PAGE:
Acronyms: T1D and AYFKM

“Are you f-ing kidding me (AYFKM)?” Jasper suggests this is my new mantra since Charlotte was diagnosed with type 1 diabetes (T1D) five months ago. And he’s right.

Two UPS packages arrived yesterday. Charlotte and her good friend Harper were excited to know what they contained. AYFKM: not the Lands End messenger bag Ms. C ordered on my debit card unbenownst to me; not the Patagonia retro swing jacket I covet deeply but can’t afford because chronic autoimmune disease management costs money even with insurance; not the publishers clearing house stack of dough that would make our life so flamboyant we could take Ms. C to Europe for T1D management that is ahead of the US and satisfy my desire to share and experience the world with my children; not not not.

Instead I opened the boxes with a sigh of resign and relief. Here are a portion of Charlotte’s life saving paraphernalia for the next three months: a heady army of needles and 750 blood glucose test strips. My daughter unflinchingly goes through an average of six strips a day – that’s six finger pricks a day folks, 6×30=180 a month, 180×12=2,160 a year, baby. Our endocrinologist says we only really need maybe five a day, but AYFKM, we’re new to this and every bite, sip, new experience for Charlo means we check.

This s*&^ is scary. If my girl nonchalantly drinks a glass of lemonade at a friend’s house as she innocently did recently, she needs a boost of insulin as her blood sugar (BG) will rise due to the carbs in the juice. AYFKM? A high BG today adds up over her lifetime and makes her predisposed to eye and kidney degeneration, loss of limbs, difficulty with pregnancy, and a host of other things.

AYFKM and hip hip hooray we are Charlotte’s pancreas! There’ve been many a moment in my life when I’ve questioned my value, my role (especially in unemployment). No longer! I am a vital organ working tirelessly to keep a little girl alive and well. I mean really, being a parent is simple compared to this. Oh, I’m that too. AYFKM? One thing at a time, please.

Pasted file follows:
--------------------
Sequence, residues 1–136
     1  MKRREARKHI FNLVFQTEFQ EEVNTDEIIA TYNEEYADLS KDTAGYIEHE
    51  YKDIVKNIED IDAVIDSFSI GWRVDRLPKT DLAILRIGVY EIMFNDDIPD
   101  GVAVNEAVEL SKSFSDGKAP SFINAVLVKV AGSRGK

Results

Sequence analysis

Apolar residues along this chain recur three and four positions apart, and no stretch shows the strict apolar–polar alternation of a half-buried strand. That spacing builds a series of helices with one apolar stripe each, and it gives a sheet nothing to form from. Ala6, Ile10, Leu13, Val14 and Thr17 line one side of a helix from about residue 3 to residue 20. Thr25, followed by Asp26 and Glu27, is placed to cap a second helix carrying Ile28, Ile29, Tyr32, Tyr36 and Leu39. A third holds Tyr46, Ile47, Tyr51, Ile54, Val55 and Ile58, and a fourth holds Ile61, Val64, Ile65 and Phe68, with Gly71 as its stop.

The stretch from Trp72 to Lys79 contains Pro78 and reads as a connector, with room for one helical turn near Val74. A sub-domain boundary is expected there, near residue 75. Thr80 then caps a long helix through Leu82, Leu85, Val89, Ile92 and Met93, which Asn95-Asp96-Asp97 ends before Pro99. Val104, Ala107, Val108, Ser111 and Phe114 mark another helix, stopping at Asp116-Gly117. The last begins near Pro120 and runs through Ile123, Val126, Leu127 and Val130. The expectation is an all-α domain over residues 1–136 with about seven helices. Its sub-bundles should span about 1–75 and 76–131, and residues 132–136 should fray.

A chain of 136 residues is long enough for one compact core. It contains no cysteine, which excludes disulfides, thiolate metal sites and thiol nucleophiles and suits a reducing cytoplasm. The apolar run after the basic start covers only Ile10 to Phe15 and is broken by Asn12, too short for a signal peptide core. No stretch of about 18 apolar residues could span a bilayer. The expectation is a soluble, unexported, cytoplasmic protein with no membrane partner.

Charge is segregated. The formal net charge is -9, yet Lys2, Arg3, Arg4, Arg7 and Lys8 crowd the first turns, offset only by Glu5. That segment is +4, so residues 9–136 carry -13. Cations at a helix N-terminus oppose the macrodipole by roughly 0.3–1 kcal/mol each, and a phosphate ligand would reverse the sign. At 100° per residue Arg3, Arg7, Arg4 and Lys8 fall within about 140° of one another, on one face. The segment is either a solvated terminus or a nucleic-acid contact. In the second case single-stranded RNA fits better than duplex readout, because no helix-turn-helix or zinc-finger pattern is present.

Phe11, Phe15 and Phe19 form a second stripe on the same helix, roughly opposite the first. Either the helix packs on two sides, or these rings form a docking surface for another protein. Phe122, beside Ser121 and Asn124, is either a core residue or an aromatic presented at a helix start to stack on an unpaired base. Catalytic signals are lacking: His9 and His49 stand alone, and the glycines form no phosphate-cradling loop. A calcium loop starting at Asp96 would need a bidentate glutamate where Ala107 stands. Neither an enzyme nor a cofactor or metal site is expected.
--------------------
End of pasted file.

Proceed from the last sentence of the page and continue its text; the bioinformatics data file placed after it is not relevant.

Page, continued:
But  despite the current trial, I am supremely lucky to have two superb, magical, resilient kids – with and without functioning pancreases. And no, I’m not f-ing kidding you . . . INFKY . . . I really am lucky.

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Optimism and Benchmarks

Past heartbreaks made me who I am – a deep-hearted, sometimes wallowing soul, giving and always yearning for compassion, understanding, and completion. This T1D heartbreak is making me a fighter, a learner, an advocate, the best mom possible, and more alone than I could ever have imagined. And I’m no stranger to lonely.

But, I’ll try to be optimistic today.

Benchmark: Charlotte had her first visit with her endocrinologist, Dr. Snyder, since her T1d diagnoses four crazy, long months ago. It was stellar. Thanks to a rigorous insulin (Novolog and Lantus) regime, she has regained the weight she lost due to her disease, grew two inches, and has a very good A1Cof 7.7. (Her A1C at the hospital was more than 12 which means her blood sugars had been running well into the 300s for a long time without us knowing – ‘normal’ is somewhere around 4-5.) Our Doc thinks we’re doing really well and has approved Charlotte’s desire to get an insulin pump at only six months into the disease. We’re moving fast at the Hand house.